In early May over 150 years ago the edge of this farm field, Saunders Field, was a hive of activity. Men from Ewell's division hastily built a series of trenches and breastworks to hold off a much larger Union force. They used, knives, bayonets, broken canteens and anything else they could find. These are the traces of that effort. Ewell did hold off repeated attacks across Saunder's Field until the Union chose to try another point on the battlefield. It eventually failed to dislodge the Confederate forces at the battle of the Wilderness in Orange County, Virginia.
Pennsylvania Avenue is a separate National Park Service site. Not completely certain of the process that makes these designations. But in trying to find a "shot" for the purpose of this blog (and to compete another of the 417 sites) I found this plaza at the end of the Avenue - at first it seems just a large flat space but when you walk on it is has quotes, line drawings of buildings, like the White House and much more. This is looking along the nearly entire length of Pennsylvania Avenue from the plaza to the Capital. That building with the tower is the Old Post Office.
From the NPS.gov site: "A street unlike any other. It is known the world over as the heart of the Nation's Capital. America's history has marched, paraded, promenaded, and protested its way along the Avenue."
The US flag is reflected in the shallow pool at the Korean War Memorial in DC. A very small space that is nestled behind some trees and bushes designed to sit and think. We ought to do more of that.
This was the home of the National Women's Party where for decades the advocacy for the right to vote for women was the central focus. This home is in sight of the Capital and the Supreme Court. This is a new National Monument and they are still in the process of exploring how it will be displayed but the NWP had already used some of it for a museum so that portion remains until the NPS moves forward. The house is only open on Saturday and Sunday and has no parking.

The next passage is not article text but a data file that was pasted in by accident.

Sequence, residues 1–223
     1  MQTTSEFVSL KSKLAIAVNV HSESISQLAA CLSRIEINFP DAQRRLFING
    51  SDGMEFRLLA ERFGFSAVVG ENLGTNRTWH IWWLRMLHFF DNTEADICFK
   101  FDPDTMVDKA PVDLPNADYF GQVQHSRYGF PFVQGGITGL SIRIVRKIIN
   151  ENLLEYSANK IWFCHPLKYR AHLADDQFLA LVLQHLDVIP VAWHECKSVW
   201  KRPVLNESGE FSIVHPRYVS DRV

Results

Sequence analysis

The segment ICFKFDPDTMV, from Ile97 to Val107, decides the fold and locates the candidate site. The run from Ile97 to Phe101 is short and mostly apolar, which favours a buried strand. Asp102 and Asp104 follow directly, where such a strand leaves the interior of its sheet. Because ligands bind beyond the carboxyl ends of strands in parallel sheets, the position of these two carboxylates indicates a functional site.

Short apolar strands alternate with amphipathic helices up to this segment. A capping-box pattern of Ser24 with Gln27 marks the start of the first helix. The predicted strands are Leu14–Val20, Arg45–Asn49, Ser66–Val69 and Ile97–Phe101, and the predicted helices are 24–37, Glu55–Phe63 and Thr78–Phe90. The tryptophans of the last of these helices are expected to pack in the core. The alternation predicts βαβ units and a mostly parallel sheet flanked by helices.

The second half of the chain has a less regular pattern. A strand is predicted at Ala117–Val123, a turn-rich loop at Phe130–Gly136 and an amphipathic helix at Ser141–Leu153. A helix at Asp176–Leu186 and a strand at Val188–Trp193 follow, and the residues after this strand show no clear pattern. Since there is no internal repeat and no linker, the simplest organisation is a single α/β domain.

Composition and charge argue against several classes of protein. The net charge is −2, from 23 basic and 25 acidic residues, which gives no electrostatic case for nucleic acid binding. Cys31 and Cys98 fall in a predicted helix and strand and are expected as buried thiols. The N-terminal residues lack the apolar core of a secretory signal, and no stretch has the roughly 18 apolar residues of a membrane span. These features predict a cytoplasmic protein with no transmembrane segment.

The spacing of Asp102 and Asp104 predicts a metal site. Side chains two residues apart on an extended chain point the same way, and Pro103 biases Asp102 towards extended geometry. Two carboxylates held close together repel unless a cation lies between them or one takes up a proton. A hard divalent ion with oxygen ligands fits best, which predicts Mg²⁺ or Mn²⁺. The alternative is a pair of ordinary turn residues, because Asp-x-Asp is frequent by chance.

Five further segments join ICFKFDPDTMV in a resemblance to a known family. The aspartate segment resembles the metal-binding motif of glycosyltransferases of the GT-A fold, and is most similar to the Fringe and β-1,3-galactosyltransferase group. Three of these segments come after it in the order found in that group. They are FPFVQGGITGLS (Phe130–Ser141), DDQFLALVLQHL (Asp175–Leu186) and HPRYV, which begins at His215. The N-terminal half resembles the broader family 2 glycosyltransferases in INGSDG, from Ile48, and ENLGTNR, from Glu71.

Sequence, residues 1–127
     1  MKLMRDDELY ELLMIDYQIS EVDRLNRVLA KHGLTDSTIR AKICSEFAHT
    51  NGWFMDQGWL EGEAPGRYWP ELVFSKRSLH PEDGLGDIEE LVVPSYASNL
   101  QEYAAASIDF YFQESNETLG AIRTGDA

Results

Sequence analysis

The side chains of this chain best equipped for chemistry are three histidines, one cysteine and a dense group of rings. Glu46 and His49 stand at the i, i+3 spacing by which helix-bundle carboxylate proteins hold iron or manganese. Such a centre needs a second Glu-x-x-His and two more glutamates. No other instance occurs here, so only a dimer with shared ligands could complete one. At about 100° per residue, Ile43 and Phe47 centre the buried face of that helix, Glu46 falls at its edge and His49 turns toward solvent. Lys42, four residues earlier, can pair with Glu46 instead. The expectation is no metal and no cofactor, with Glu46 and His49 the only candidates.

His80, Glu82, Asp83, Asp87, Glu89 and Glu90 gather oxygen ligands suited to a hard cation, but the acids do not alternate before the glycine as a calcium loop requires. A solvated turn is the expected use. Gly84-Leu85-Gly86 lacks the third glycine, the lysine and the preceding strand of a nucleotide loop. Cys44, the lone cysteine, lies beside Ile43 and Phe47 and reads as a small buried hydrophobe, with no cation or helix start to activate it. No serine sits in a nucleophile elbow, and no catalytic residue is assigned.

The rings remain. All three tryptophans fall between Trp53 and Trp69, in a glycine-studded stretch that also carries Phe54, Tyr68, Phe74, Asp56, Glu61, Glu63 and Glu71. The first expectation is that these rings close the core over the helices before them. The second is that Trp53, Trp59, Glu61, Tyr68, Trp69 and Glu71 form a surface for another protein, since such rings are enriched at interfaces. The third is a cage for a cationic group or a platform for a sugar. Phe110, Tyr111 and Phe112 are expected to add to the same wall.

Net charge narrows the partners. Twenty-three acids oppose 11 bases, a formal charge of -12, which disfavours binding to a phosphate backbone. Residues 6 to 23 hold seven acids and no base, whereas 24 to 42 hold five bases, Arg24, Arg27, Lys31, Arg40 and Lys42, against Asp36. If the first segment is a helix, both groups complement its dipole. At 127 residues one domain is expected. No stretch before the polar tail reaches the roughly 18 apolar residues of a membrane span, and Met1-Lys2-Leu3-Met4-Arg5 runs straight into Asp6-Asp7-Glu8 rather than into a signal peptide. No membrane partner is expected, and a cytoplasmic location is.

If these men look cold, wet and tired, the sculptor did a great job. It was. Korea was not a "war" only in the narrowest of meaning. It is also not really over, a nearly 70 year truce may be unraveling. Any "next" war will be very different in many ways but the soldiers will still need to be there and will be cold, wet and tired.
Obviously this is one of the most recognized homes in the world, 1600 Pennsylvania Avenue. But much is different than on my first visits here as an adult in circa 1967 or 68. You can see several of those changes in this photo. And more clearly on the second one. You cannot today even approach the fence as they have a second one, nor walk on the street than runs on the back side. The fence is more secure, the gates bigger, the road in front is pedestrian only today, no cars, many more guards and security and note the roof.
More telling is being here on 9/11, note the flag at half mast.
So this is General Pershing ensconced at Pershing Park across the street from the Willard Hotel. Pershing was in charge of the United States forces (AEF) in WWI. This is the second possible location for the US WWI memorial. They have had the commission to erect the monument since 1920, yes, nearly 100 years and still arguing. This site also qualifies for the NPS side of the photos because it is one of the scores of pocket parks in DC that fall under the National Park Service.
Your vote doesn't count but go ahead anyway!
So, this is the Washington DC memorial to the soldiers of WWI, erected shortly after the war. Is is located on the Mall not too far from the Vietnam Memorial. The difference is that it MIGHT be the US monument to WWI or at least the counterpoint of the same but the commission cannot make a decision. So for today, MAYBE. (It is on the Mall, so it does qualify for inclusion on this page.) Stay tuned tomorrow for yet more options!